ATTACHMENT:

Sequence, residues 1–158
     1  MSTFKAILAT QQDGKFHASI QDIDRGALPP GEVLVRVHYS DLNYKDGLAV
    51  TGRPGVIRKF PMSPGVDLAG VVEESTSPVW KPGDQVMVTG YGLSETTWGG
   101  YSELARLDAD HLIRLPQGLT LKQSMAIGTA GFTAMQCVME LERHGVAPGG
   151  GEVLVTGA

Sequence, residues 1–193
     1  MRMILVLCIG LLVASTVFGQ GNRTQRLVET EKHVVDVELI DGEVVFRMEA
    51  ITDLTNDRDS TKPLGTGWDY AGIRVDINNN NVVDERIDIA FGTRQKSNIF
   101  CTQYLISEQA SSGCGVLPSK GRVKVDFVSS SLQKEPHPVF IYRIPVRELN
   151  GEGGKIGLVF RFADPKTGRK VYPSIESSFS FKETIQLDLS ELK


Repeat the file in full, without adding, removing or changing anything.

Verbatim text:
Sequence, residues 1–158
     1  MSTFKAILAT QQDGKFHASI QDIDRGALPP GEVLVRVHYS DLNYKDGLAV
    51  TGRPGVIRKF PMSPGVDLAG VVEESTSPVW KPGDQVMVTG YGLSETTWGG
   101  YSELARLDAD HLIRLPQGLT LKQSMAIGTA GFTAMQCVME LERHGVAPGG
   151  GEVLVTGA

Sequence, residues 1–193
     1  MRMILVLCIG LLVASTVFGQ GNRTQRLVET EKHVVDVELI DGEVVFRMEA
    51  ITDLTNDRDS TKPLGTGWDY AGIRVDINNN NVVDERIDIA FGTRQKSNIF
   101  CTQYLISEQA SSGCGVLPSK GRVKVDFVSS SLQKEPHPVF IYRIPVRELN
   151  GEGGKIGLVF RFADPKTGRK VYPSIESSFS FKETIQLDLS ELK